Unless you just joined a few days ago, you need to understand that MC has been shilling Synergistic Research, Raven, Townshend and Tekton for months if not over a year. These shills go far beyond the casual acknowledgements of a satisfied customer.
I've moved from smaller speakers and subs to full range speakers. But I think that's because I now have more space but I was also influenced by the misinformation about smaller speakers having better imagining.
I think the more important thing is amp/speaker matching.
For my first set of true hi-fi speakers, I chose Salk Songtowers. Partly because they seemed like a natural progression from bookshelf/subwoofer set up I was accustomed to. They were also well reviewed.
I recently sold my Salk Songtowers. They were driven by a Primaluna Evo 400. The person buying it wanted to hear them first before committing to the purchase. He was concerned about bass response.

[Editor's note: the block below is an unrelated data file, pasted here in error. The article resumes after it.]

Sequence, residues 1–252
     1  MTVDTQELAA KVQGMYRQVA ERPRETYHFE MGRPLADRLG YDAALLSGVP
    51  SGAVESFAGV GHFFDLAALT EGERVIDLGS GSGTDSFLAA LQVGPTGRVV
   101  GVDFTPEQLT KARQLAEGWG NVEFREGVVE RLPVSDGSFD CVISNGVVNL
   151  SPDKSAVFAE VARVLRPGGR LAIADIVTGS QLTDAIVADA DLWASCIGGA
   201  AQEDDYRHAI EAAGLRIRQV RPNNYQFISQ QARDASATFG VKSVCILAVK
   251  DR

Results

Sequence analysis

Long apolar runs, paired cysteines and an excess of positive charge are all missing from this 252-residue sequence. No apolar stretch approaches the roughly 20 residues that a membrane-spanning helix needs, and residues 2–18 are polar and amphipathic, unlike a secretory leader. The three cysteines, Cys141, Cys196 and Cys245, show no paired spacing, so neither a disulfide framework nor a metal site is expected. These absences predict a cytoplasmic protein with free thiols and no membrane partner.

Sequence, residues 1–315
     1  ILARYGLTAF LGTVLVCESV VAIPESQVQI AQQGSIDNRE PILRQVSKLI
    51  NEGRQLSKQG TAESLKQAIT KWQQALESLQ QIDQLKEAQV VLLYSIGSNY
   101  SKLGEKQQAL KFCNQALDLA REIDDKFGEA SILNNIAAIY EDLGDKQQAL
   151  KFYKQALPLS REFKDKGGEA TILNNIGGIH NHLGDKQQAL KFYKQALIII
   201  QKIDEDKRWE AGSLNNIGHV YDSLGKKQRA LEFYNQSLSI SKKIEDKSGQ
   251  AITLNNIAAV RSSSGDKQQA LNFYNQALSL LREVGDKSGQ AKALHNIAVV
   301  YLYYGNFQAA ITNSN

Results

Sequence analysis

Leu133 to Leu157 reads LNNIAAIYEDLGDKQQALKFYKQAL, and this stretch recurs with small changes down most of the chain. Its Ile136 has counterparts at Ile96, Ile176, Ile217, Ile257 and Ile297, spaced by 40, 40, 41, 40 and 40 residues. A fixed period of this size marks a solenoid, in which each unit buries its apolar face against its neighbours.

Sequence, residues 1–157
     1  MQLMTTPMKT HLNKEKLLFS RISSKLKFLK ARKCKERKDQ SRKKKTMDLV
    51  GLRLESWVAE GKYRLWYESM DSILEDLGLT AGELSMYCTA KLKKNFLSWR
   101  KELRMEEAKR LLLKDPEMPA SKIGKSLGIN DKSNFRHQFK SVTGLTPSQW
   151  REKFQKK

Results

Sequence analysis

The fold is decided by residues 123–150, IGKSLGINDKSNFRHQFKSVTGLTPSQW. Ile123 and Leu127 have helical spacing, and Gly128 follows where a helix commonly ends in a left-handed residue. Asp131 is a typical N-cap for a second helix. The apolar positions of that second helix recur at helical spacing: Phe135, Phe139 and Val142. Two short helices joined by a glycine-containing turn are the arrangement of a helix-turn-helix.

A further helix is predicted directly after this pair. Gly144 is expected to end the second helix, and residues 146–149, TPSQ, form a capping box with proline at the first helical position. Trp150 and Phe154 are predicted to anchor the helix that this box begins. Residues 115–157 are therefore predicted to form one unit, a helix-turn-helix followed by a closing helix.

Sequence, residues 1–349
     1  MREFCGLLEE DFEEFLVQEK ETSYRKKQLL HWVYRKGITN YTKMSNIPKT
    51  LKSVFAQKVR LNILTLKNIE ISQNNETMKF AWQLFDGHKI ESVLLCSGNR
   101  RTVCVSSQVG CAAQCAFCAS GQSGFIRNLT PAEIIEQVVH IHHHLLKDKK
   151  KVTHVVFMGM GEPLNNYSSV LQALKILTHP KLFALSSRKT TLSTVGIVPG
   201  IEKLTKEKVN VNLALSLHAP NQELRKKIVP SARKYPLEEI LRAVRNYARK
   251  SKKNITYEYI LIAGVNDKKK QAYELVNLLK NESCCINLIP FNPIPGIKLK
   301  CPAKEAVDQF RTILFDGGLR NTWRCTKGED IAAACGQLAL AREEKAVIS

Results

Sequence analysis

I cued up UB40 Red Wine. I took him 2 seconds of the needle drop to commit. He was super impressed and asked 'no subwoofer, right?'.
The Salks are easy to drive. But there is a very slight impedance dip below 4 Ohms in the bass. They were 88db efficient. Not bad.
I currently own Tannoy Turnberry. These are 93db efficient and 8 Ohms (never dips below 5 Ohms). What has been a revelation is that I'm hearing things 'up front' that were pushed to the back in the Salks. Also I now know what effortless bass sounds like. This is simply a very good speaker/amp match. I think that is more important than speaker type.
I would not have been able to tell you Salks were missing anything until the switch. They were great speakers that needed a different amp.
However, I think I will not buy anything less efficient than 91 db or, more importantly, anything that dips below 4 Ohms impedance. Because it starts to limit the options for a suitable amplifier.